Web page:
The Sadness That Can Be Gulliver’s Travels

by Gary Hardaway

For years, Marvin did as his species normally does: crushed and sprayed whatever roach he saw to death. One day, he decided instead to be-pet them, luring them out-  one by one, at first- with crumbs he thought they might enjoy and talking to them in a feminine register, as one does with cats, about how clever and quick they were. It took some time, but they finally began to expect their meals at certain times and a certain place. They learned to high-five Marvin as he laid the goodies out before them and would come toward him for a head rub instead of scurrying for the baseboards when he clicked a light on late at night.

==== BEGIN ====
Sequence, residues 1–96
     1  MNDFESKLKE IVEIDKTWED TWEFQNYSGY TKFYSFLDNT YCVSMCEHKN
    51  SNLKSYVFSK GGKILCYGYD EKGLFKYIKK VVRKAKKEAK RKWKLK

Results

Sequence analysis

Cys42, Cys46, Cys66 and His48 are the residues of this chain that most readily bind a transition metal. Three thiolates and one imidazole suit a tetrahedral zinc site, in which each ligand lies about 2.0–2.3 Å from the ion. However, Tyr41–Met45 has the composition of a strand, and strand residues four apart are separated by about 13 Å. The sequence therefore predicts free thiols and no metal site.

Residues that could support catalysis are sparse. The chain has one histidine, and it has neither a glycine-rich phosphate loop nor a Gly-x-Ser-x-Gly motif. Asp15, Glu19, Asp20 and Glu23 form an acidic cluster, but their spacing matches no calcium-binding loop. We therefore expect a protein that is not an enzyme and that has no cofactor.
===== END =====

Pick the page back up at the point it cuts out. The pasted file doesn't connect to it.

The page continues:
It became Marvin's habit to read and re-enact famous scenes from military history with tiny lead figures for his many-legged pets. He was finally able to replace the lead figures with costumed squadrons of roaches who dutifully turned six legs up if they were the Spartans at Thermopylae, for example, or the Army of Virginia at Gettysburg. Marvin expanded the readings to include The Iliad and The Odyssey, Beowulf, The Song of Roland, Shakespeare's Histories, and, finally, Gulliver's Travels, which Marvin came to rue when the roaches dressed themselves as Lilliputians and pinned him down for a week with finish nails and fishing line to the hardwood floor in his living room. After his release, Marvin sadly called Bruce Terminix.